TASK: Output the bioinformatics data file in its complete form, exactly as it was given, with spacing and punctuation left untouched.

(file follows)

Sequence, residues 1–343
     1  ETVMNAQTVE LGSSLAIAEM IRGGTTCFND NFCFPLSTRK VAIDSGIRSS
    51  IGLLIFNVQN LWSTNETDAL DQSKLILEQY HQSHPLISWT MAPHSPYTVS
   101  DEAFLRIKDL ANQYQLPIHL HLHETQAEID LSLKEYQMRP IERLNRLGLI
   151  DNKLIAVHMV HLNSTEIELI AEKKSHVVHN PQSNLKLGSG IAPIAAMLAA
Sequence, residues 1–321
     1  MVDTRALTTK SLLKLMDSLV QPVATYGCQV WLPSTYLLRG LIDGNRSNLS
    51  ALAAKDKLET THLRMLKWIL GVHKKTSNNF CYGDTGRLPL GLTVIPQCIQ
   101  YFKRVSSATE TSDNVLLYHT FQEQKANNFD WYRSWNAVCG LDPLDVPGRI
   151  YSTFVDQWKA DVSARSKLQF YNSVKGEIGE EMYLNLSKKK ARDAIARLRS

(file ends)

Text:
Sequence, residues 1–343
     1  ETVMNAQTVE LGSSLAIAEM IRGGTTCFND NFCFPLSTRK VAIDSGIRSS
    51  IGLLIFNVQN LWSTNETDAL DQSKLILEQY HQSHPLISWT MAPHSPYTVS
   101  DEAFLRIKDL ANQYQLPIHL HLHETQAEID LSLKEYQMRP IERLNRLGLI
   151  DNKLIAVHMV HLNSTEIELI AEKKSHVVHN PQSNLKLGSG IAPIAAMLAA
Sequence, residues 1–321
     1  MVDTRALTTK SLLKLMDSLV QPVATYGCQV WLPSTYLLRG LIDGNRSNLS
    51  ALAAKDKLET THLRMLKWIL GVHKKTSNNF CYGDTGRLPL GLTVIPQCIQ
   101  YFKRVSSATE TSDNVLLYHT FQEQKANNFD WYRSWNAVCG LDPLDVPGRI
   151  YSTFVDQWKA DVSARSKLQF YNSVKGEIGE EMYLNLSKKK ARDAIARLRS